1.Get back to them quickly
When journalists need comment from subject experts or relevant businesses on a current topic, they often put calls out to at least a couple of rival firms – whoever responds quickest tends to get their quote used, or the slot on the air. Even if you are busy, try and make returning a journalist’s call a priority – nowadays deadlines are often measured in minutes than hours – they usually need it now.
2. Have something to say
Frankly, journalists aren’t really interested in “on the one hand, on the other” responses to questions. When they are looking for a quote, they want it clearly and powerfully expressed, so no-one is in any doubt where you stand. Make sure the point you think is most important is the one you express most effectively and cogently, so this becomes the “quote” the reporter is likely to use.
3. But give yourself time to think about it
If you are contacted by a journalist asking for your views, it’s better to call back rather than talking straight away off the top of your head – so you don’t get caught on the hop.
4. Understand what they want
Find out what you can about the article they are writing, and what their angle is likely to be. Explain you are tied up at the moment but are happy to help, and fix a time to call back, preferably well before their deadline. Use the time to think through what you want to say.
5. What’s the story?
Newspapers, magazines, websites, radio and TV have plenty of space to fill every week, so are always on the lookout for good ideas or interesting stories. The bad news is that they get lots of boring press releases, so make sure yours isn’t one that immediately falls victim to the delete button. Unless you have something to say, don’t send it.
6. Create a news hook
You have to make your news stand out by coming up with something that will be useful, entertaining or relevant for readers. Is your business the first in your area with some clever new technology, product or service? Have your staff dressed up as ninja turtles and smashed all records for charity fundraising?
7. Junk the jargon
Most people’s work conversations are peppered with abbreviations and technical terms. For radio, TV and most print journalists, this just won’t do. Imagine, instead, that you are chatting in the pub to someone who is perfectly intelligent, but has never worked in your industry.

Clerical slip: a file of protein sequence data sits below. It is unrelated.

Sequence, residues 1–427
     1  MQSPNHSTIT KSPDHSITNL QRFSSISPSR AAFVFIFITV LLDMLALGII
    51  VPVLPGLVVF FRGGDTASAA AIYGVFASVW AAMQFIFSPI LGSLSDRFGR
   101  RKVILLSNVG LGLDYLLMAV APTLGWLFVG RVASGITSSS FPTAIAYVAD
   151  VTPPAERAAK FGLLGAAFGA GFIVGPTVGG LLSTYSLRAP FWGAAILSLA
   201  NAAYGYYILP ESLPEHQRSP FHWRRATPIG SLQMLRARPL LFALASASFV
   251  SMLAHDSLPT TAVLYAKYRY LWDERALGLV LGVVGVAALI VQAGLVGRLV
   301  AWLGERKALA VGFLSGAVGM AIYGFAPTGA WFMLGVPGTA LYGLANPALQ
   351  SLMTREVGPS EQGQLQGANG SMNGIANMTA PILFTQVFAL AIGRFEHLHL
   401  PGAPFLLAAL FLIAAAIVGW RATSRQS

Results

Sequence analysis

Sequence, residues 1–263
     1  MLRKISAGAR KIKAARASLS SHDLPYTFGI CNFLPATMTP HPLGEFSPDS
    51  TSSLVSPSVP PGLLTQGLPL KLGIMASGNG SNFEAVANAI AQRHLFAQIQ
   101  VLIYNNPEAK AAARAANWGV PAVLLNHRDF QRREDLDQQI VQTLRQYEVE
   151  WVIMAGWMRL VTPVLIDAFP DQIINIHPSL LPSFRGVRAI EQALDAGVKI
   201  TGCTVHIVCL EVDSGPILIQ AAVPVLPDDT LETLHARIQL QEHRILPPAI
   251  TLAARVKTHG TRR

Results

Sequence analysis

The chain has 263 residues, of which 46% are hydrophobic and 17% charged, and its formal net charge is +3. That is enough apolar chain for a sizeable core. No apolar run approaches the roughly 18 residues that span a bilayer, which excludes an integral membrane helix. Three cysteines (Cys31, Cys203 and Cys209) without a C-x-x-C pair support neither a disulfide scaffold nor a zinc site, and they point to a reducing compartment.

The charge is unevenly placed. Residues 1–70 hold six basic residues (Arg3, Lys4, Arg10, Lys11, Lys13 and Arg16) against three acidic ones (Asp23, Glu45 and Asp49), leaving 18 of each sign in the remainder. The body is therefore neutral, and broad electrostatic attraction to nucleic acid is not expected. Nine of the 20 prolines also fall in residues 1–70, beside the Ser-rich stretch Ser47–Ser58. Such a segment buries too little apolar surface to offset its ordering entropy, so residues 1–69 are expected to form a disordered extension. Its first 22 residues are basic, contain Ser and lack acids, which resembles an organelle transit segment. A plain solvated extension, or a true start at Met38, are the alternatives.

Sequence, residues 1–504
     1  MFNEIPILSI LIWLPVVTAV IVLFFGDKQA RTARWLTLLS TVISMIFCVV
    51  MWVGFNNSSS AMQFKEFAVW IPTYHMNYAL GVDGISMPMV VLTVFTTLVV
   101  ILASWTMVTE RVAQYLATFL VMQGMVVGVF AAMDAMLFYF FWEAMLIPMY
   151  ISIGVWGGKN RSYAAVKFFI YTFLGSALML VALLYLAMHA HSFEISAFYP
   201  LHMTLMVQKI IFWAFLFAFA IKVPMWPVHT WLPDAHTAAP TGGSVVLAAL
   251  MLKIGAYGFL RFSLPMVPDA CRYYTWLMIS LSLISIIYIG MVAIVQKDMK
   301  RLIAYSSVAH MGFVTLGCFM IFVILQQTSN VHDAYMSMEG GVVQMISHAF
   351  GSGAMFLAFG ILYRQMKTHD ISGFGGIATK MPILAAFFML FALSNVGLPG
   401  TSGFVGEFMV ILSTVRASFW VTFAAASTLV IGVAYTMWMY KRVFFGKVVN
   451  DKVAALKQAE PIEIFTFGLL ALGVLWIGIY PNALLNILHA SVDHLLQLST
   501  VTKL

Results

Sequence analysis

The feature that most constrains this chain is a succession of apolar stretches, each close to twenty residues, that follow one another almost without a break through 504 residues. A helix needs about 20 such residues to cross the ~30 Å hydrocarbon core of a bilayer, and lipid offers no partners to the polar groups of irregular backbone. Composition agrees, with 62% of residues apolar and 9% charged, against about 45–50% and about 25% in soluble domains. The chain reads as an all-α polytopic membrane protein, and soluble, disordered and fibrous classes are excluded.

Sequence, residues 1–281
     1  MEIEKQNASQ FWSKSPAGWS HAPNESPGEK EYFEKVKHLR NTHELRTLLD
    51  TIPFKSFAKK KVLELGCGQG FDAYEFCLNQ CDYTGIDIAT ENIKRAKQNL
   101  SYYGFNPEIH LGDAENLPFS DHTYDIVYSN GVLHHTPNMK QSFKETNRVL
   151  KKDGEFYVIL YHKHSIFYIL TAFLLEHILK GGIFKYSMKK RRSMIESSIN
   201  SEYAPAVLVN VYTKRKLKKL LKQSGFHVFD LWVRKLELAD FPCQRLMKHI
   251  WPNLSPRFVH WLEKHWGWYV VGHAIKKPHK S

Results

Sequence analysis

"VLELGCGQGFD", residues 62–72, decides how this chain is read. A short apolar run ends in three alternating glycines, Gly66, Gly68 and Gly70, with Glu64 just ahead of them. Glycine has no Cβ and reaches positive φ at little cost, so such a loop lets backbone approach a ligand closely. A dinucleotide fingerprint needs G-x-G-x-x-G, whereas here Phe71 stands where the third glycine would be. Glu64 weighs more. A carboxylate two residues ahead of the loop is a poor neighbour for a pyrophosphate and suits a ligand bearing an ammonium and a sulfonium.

8. Never say “no comment”
Sometimes there are perfectly good reasons why you cannot give information – for example it may be commercially sensitive or client-specific. But “no comment” sounds very defensive. The reporter, viewer or listener will assume you are “guilty”. If your hands are tied, explain why.
9. Give good soundbites!
People are often nervous when they speak to a reporter, so they are often over-cautious. Recognise that there may be sensitive issues where you have to be careful – but compensate for these by being really interesting on other aspects where you can be more lively and interesting.
10. And finally, don’t argue with the interviewer
Even if you think an interviewer is asking annoying questions, keep your cool. Learn from examples such as Alistair Campbell scrapping with Adam Boulton of Sky News, Eamonn Holmes’s most embarrassing interview, Sarah Palin at her finest, and other car-crash TV moments on our media training website blog.
Tom Maddocks is a media training expert, regularly quoted in national newspapers and magazines. He has extensive reporting and presenting experience at the BBC and commercial TV and radio stations. To receive further free tips from Tom’s Essential Media Training Toolkit, click here.
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